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Buddhism for beginners, moderates, and experts

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posted on Jun, 19 2011 @ 03:15 PM
I wonder what the Buddha would think of this intellectual masturbation and semantic academic BS.

Probably the same way the Christ views the division between Southern Baptist and Pentecostals.

posted on Jun, 19 2011 @ 03:34 PM
reply to post by whaaa

A good point. Why don't you tell us what christ thinks?

I already prefaced my response with an apology for the silliness. If that isn't enough for you I don't know what else to say other than maybe "lol wut u mad?"

posted on Jun, 19 2011 @ 03:45 PM

Originally posted by sidewayszombie
I don't know what else to say other than maybe "lol wut u mad?"

About intellectual masturbation and semantic academic BS? Nope, amused perhaps....

posted on Jun, 22 2011 @ 08:21 AM

Originally posted by filosophia

Originally posted by jgarcya
reply to post by filosophia

I would add that true understanding of the way of buddhism is only possible through the practice of meditation.It is meditation that lifts the veil or the illusions, it brings us to our core being of infinite god like potential.

true. Meditation is a free exercise that anyone can do, to unlock personal happiness and self-esteem. Let's spread the message of meditation

Meditation is a journey. Not to happiness, but to well being. Self discovery can be a painful thing, we are not always what we think we are

edit on 22-6-2011 by Dalamax because: pressed the wrong button

posted on Jun, 22 2011 @ 08:23 AM

Originally posted by whaaa
I wonder what the Buddha would think of this intellectual masturbation and semantic academic BS.

Probably the same way the Christ views the division between Southern Baptist and Pentecostals.

When studying the words and histories of our past great spiritual teachers, we find corruption sprouting up around their teachings. It doesn't matter if it was Jesus, Buddha, Muhammad, or even Ghandhi and Martin Luther King Jr. These men taught love, understanding, unity, and peace in this life and the hereafter. But when looking around at their 'followers,' we see religious separation, superiority complex issues, judgmentalism, and arguing. The religions that emerge from the teachings sometime even lead to hatred, murder, and war.

Pick any "religious founder," and I bet they will be unhappy with their 'followers.' Anything counter-productive to love, understanding, unity, and peace is a corruption.

"He found the Buddha and said, "Teacher, if you will agree to answer my questions, I will continue to follow you. If you refuse, I will abandon the sangha. Tell me if you know whether or not the universe is finite or infinite. If you don't know the answer, just say so."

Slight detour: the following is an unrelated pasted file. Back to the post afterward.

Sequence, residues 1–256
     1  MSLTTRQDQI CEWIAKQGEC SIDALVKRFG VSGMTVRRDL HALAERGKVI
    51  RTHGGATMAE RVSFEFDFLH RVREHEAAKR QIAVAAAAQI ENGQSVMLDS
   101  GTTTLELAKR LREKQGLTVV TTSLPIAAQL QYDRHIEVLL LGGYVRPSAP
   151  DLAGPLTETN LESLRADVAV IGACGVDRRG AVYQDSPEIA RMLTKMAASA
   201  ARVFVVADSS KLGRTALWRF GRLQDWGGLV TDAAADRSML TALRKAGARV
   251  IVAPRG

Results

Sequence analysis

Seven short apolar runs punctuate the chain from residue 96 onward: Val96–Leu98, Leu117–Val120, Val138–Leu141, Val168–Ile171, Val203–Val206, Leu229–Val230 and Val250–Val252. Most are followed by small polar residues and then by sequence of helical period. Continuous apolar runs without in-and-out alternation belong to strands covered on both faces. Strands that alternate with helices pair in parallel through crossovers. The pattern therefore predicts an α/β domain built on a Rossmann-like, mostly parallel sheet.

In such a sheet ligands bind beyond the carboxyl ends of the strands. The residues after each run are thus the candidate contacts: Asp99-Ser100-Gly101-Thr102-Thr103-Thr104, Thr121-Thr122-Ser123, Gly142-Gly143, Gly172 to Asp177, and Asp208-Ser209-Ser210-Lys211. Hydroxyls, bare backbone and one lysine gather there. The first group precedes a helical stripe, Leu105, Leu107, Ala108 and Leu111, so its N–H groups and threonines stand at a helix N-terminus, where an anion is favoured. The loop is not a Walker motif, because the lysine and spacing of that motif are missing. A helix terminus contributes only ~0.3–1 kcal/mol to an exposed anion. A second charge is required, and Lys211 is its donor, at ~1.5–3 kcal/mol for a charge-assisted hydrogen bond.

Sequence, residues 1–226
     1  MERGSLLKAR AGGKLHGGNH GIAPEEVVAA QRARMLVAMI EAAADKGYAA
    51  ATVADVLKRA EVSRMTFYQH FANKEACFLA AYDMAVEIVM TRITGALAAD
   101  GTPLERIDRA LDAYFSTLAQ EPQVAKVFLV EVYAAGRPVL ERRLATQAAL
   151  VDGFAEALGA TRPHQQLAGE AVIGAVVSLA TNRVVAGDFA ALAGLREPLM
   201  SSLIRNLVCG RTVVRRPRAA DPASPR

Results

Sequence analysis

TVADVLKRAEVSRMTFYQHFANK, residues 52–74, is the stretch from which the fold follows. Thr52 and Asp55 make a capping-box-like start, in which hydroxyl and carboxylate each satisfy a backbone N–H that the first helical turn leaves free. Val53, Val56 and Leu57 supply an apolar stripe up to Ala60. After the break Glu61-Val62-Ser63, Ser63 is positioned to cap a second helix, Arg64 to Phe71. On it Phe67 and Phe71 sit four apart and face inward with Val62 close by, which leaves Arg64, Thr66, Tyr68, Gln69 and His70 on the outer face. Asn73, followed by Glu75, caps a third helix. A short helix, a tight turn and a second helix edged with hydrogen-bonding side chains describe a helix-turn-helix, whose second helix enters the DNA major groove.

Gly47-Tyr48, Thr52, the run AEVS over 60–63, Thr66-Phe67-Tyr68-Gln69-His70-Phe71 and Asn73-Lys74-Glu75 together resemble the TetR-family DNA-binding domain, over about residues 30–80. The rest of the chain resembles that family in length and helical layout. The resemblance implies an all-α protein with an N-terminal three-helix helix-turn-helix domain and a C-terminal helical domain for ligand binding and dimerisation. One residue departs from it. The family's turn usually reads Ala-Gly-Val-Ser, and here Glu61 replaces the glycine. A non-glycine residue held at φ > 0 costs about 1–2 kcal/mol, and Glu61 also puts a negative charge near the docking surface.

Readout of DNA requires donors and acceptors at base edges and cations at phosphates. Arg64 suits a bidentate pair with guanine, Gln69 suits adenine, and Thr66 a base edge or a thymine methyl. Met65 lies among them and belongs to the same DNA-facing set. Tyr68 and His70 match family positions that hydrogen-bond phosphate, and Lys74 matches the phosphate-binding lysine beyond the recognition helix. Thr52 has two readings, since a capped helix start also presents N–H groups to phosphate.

The Buddha looked at Malunkyaputta and said, "When you asked to be ordained, did I promise to answer such questions? Did I say, 'Malunkyaputta, become a bhikkhu, and I will solve your metaphysical problems?' "

"No, Lord, you did not."

"Then why do you insist that I do so now? Malunkyaputta, you are like a person shot with a poisoned arrow whose family summons the doctor to have the arrow removed. The man is given an antidote, but he refuses to let the doctor do anything before certain questions can be answered. The wounded man wants to know who shot the arrow, what his caste and job is, and why he shot him. He wants to know what kind of bow the man used and how he acquired the ingredients used in preparing the poison. Malunkyaputta, such a man will die before getting the answers to his questions. It is no different for one who follows the Way. I teach only those things necessary to realize the Way. Things which are not helpful or necessary, I do not teach.

Malunkyaputta, whether the universe is finite or infinite, temporal or eternal, there is one truth you must accept, and that is the presence of suffering. Suffering has causes which can be illuminated in order to be removed. The things I teach will help you attain detachment, equanimity, peace, and liberation. I refuse to speak about all those things which are not helpful in realizing the Way."

[Old Path White Clouds - Thich Nhat Hanh (pages 299-300)]

posted on Jun, 22 2011 @ 11:13 AM
Accept disgrace willingly.
Accept misfortune as the human condition.